Rav S. R. Hirsch (Shemot 4:22-23) explains the unique terminology which God tells Moshe to use when first presenting himself to Pharaoh: “My son, My firstborn, Yisrael.” What does this status mean?


The firstborn is not the one who is free and unfettered. On the contrary, his duty is to be the first servant. Moreover, even among animals and plants, we find the firstborn. The form of the word is active, not passive… The forces of the womb which have been restricted and closed are released and unfolded by him, as he is the one who opens the womb. He is firstborn not for himself, but for those who come after him. With him, his mother enters her new calling as a mother. He leads the way. His holiness lies in that, through him, the home is first blessed with children; through him, the womb becomes holy. Everything that subsequently passes through this portal will be holy unto God…


Hence, when God says, “My son, My firstborn, Israel,” this means: with Israel, the womb of humanity will be opened; with Israel, the dance will begin; all the peoples are obligated to join him as My sons. I come to you in your own name and in the name of all of humanity. Israel is My first, but not My only, child; Israel is only the first people that I have won as Mine…


Rabbi Akiva states (Avot 3:18): "Beloved is Man, who was created in the image of God; it is by special distinction that he was created in the image of God.” This is a reference to all humans, who are endowed with a divine dignity.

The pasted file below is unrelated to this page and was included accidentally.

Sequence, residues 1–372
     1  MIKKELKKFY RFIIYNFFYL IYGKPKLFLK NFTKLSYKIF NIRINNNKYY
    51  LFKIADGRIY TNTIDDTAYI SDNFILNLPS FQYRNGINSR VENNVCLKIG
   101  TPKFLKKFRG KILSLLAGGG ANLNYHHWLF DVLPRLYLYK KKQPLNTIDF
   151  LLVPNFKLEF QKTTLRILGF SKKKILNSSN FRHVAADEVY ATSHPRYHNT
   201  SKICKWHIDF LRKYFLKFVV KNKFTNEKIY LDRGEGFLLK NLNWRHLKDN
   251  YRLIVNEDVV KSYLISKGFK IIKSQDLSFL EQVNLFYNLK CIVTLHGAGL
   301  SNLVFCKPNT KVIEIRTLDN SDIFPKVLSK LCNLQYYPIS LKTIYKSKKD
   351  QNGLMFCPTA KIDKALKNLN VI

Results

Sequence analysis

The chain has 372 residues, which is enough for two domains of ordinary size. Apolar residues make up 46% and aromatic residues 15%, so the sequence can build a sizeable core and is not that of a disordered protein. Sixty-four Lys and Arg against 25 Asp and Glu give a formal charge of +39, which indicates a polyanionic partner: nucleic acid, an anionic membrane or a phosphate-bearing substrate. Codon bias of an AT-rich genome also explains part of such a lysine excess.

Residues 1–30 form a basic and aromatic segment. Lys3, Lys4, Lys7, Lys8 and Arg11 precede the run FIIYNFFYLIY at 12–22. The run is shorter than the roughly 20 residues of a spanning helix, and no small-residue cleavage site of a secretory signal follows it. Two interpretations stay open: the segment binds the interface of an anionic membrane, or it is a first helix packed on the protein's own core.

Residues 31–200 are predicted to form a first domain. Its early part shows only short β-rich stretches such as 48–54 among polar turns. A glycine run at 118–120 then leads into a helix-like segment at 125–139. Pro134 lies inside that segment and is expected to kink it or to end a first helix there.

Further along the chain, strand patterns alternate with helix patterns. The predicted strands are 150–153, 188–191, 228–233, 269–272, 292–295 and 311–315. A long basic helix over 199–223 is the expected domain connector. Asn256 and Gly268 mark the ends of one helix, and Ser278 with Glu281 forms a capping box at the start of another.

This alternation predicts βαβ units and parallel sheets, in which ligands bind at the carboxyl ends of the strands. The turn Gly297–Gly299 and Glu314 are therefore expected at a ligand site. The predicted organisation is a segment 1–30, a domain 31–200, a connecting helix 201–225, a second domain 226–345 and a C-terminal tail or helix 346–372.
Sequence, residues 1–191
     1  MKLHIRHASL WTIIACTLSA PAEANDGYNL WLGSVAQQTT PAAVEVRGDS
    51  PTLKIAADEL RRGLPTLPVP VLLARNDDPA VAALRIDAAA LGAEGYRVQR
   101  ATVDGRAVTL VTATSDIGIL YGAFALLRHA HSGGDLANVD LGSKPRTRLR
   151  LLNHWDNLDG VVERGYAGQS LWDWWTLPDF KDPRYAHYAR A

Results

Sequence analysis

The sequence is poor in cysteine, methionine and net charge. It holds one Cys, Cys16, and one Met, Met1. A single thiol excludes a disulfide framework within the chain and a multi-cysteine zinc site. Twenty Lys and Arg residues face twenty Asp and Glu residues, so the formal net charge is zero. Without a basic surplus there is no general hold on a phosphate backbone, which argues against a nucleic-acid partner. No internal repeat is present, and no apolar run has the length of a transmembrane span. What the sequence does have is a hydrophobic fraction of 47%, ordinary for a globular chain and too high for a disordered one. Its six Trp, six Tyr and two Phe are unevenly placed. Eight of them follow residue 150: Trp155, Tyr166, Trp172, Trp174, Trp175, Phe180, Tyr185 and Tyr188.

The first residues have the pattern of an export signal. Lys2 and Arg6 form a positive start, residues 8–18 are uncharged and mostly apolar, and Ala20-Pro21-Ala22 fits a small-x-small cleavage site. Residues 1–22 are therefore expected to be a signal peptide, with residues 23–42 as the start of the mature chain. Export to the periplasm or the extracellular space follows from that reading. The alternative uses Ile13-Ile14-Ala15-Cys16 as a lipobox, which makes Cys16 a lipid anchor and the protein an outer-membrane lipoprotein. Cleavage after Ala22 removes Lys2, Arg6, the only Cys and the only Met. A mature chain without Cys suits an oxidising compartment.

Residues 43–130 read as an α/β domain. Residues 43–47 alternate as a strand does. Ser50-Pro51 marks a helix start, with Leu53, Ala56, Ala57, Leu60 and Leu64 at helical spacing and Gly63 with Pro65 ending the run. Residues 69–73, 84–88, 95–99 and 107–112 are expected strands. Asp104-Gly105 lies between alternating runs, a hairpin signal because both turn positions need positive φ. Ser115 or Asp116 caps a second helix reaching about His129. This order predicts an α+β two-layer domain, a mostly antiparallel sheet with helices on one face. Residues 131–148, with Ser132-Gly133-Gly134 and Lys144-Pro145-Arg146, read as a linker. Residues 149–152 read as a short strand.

More importantly, kevod ha-beriyot applies to oneself. The Midrash (Vayikra Rabba 34) describes how Hillel the Elder cared for his own needs due to this recognition of being created in the image of God.


This is what is meant by the verse, “A kindly man benefits himself” (Mishlei 11:17); this refers to Hillel the Elder. When he took leave of his students ... [they] said to him, “Rabbi, where are you going?” He said to them, “To perform a mitzva.” They said to him, “Which mitzva is it?” He said to them, “To wash in the bathhouse.” They said to him, “Is this a mitzva?” He said to them, “Yes. The person in charge of the statues of kings positioned in the theaters and circuses scrubs them and rinses them, and he receives payment. Indeed, he is promoted among the royal dignitaries! I, created in the image and form [of God], as it says, ‘For in the image of God He created man,’ all the more so!”


A different approach: “A kindly man benefits himself” - this refers to Hillel the Elder. When he took leave of his students... [they] said to him, “Rabbi, where are you going?” He said to them, “To perform kindness with this guest in my home.” They said to him, “Every day you have a guest?” He said to them, “Is this pitiful soul not a guest inside the body? Today it is here, tomorrow it is not here.”


Tonally, there is a different between these two analogies, the statue of the king versus the lowly houseguest, but they both underscore the importance of kevod ha-beriyot.


To a certain degree, it is this recognition of our connection to God, as well as our dependence upon Him, that reaffirms the sacred element of kevod ha-beriyot. It is not mere humanism, but a religious perspective thereof: the worth of man is determined by the way in which God creates humanity.